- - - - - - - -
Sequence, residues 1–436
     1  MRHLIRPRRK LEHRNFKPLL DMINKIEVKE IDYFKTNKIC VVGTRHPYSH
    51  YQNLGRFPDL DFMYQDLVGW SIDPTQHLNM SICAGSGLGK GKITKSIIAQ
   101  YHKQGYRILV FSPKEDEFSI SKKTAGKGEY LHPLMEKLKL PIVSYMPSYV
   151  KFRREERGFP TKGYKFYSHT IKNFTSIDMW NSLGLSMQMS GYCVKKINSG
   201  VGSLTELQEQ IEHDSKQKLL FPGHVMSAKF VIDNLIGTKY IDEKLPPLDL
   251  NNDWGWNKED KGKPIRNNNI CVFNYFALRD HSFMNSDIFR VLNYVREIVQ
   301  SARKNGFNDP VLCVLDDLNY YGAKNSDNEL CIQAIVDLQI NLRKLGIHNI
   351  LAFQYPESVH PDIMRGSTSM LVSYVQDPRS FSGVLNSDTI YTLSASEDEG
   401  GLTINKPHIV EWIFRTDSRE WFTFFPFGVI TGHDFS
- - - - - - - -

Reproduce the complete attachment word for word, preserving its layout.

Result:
Sequence, residues 1–436
     1  MRHLIRPRRK LEHRNFKPLL DMINKIEVKE IDYFKTNKIC VVGTRHPYSH
    51  YQNLGRFPDL DFMYQDLVGW SIDPTQHLNM SICAGSGLGK GKITKSIIAQ
   101  YHKQGYRILV FSPKEDEFSI SKKTAGKGEY LHPLMEKLKL PIVSYMPSYV
   151  KFRREERGFP TKGYKFYSHT IKNFTSIDMW NSLGLSMQMS GYCVKKINSG
   201  VGSLTELQEQ IEHDSKQKLL FPGHVMSAKF VIDNLIGTKY IDEKLPPLDL
   251  NNDWGWNKED KGKPIRNNNI CVFNYFALRD HSFMNSDIFR VLNYVREIVQ
   301  SARKNGFNDP VLCVLDDLNY YGAKNSDNEL CIQAIVDLQI NLRKLGIHNI
   351  LAFQYPESVH PDIMRGSTSM LVSYVQDPRS FSGVLNSDTI YTLSASEDEG
   401  GLTINKPHIV EWIFRTDSRE WFTFFPFGVI TGHDFS